The day after I booked this weekend's flight to New York City over a month ago, a mom from school called and asked if I'd stay with her kids for a few nights. The amount I'm being paid comfortably covers the cost of my passage to that Great City I've been missing lately. A little NYC jaunt like this has to roll around every couple of years for me to feel like the city girl in me is getting a good measure of sustenance. I just love it when things work out.
What's better is that the kids are so cool -- a gal in tenth grade and a boy in eighth. They're really great eaters and loved my Latin-inspired offerings for dinner this evening. They even commented on the fact that they love big chunks in salsa. This is a quality which usually turns kids off and makes them yearn for sticky-sweet Pace Picante. Blech. "No picky eaters allowed in this family," they said with mouths full of a jumble of corn, zucchini and green chile. This warms me to the core. What makes me even happier is that they can actually carry on a conversation without referring to Justin Bieber or Miley Cyrus or anything that swims in the dark waters of today's sad state of pop culture. We talked about Coneheads, Monty Python and Hitchcock instead. I'm sure they're not immune to the usual, but at least they're not consumed.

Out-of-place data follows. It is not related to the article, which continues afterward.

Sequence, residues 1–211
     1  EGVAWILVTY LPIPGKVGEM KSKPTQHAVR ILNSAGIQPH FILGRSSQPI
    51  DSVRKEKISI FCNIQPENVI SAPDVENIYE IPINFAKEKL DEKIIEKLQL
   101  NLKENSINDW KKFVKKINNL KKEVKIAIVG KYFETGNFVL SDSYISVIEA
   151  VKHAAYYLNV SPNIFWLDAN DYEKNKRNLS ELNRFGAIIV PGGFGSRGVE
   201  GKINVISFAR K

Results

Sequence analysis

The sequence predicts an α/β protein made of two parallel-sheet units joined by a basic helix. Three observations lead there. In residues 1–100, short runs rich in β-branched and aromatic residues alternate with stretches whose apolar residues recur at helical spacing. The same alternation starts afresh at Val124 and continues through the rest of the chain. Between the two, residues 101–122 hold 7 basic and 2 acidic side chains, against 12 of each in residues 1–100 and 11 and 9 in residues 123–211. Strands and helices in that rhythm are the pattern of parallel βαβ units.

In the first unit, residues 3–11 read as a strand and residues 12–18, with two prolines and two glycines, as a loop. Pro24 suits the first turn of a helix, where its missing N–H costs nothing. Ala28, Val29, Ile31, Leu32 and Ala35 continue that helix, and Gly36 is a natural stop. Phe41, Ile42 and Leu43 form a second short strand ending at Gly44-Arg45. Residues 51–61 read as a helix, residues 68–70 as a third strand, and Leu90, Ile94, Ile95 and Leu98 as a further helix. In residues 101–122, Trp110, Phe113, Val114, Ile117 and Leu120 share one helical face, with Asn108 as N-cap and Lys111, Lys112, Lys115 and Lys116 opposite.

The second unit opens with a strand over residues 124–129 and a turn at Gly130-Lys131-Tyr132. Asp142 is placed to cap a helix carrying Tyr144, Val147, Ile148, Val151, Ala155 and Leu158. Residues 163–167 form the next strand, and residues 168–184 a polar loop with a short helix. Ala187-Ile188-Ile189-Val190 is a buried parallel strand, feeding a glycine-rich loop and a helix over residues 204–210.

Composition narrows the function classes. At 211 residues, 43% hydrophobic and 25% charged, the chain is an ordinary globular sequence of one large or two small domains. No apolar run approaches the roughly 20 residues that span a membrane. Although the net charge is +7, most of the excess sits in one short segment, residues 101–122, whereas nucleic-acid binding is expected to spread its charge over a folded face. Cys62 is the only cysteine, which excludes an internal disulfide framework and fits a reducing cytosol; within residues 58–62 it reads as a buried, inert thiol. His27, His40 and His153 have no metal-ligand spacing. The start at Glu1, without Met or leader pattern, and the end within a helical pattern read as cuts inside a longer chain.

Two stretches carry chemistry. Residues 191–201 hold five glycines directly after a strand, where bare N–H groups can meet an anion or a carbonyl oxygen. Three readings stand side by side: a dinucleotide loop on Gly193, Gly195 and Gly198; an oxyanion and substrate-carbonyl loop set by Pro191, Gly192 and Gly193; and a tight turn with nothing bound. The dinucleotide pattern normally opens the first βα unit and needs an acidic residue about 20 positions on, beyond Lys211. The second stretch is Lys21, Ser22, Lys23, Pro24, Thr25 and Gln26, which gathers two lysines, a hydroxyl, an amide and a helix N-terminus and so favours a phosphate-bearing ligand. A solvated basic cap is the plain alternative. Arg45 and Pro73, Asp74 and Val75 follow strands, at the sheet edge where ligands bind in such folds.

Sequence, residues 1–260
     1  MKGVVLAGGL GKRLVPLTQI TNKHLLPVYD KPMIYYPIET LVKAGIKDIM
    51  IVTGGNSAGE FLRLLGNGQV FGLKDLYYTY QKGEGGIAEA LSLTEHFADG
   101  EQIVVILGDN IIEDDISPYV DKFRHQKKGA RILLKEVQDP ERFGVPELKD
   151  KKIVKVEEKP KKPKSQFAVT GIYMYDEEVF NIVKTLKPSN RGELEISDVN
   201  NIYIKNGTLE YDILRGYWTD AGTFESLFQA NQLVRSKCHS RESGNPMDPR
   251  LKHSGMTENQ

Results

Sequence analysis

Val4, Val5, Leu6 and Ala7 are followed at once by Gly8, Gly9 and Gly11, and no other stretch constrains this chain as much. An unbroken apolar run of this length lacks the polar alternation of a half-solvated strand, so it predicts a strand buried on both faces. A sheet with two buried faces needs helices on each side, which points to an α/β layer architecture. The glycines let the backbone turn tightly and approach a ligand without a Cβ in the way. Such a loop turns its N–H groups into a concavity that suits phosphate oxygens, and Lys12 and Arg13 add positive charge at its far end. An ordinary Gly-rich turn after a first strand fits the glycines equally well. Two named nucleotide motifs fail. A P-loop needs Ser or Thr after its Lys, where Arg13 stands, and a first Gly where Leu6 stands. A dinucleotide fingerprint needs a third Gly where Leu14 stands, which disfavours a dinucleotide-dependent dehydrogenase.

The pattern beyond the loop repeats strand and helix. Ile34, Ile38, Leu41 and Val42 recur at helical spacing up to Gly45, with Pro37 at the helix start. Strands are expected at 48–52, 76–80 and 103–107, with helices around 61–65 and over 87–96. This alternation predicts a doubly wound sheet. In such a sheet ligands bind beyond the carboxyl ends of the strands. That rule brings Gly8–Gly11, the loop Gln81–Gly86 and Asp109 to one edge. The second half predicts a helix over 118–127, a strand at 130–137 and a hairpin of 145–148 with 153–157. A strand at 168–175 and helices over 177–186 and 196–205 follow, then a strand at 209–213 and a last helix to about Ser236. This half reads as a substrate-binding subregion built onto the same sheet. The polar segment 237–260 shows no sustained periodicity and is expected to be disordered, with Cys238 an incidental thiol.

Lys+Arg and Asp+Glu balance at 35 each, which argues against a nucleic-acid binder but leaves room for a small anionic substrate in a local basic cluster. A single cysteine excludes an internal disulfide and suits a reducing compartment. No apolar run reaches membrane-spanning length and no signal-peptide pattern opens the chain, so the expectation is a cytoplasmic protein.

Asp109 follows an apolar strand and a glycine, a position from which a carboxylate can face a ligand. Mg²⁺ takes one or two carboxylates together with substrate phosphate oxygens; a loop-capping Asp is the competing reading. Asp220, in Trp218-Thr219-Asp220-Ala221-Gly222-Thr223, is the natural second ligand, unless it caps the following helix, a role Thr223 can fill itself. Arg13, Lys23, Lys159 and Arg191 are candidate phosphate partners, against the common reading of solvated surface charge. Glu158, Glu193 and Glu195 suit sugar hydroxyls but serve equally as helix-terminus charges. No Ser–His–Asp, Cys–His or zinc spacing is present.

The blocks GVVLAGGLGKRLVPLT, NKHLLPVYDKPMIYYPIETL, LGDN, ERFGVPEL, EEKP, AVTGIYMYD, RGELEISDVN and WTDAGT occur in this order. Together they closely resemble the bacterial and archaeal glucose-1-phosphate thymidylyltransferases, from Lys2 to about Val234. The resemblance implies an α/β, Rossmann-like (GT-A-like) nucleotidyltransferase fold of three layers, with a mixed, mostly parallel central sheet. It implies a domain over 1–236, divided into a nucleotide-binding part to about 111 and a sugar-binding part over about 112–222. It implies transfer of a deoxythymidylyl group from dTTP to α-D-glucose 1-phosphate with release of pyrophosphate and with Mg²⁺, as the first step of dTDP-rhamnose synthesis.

Now after locking the doors, checking on the lizards, drawing the shades and preparing the coffee maker for its early morning duties, I find myself in a little antique twin bed in a hide-colored anteroom off the kitchen. If a maid did ever keep quarters in this house, she did so here. Between then and now, however, the college-age elder brother took up residence. He's a boy's boy if any of the appointments in this room have anything to say about him. On the bookshelf, four years worth of Field and Stream issues, a well-worn edition of How to Stay Alive in the Wild next to a long line of artillery shells and a little dusty black cowboy boot. Above the bed, three squirrel pelts and a turkey tail. Above the dresser, duck decoys and a shooting target. In the medicine cabinet: hair pomade, fly fishing ties and a commemorative pin from a clay pigeon competition. Next to the door, a topographical map of the Cimarron region in New Mexico.
The world of a boy.
It occurs to me as I lie here that I know nearly nothing of this other universe, this wondrous place where men start to become themselves. It has filled me with intrigue tonight.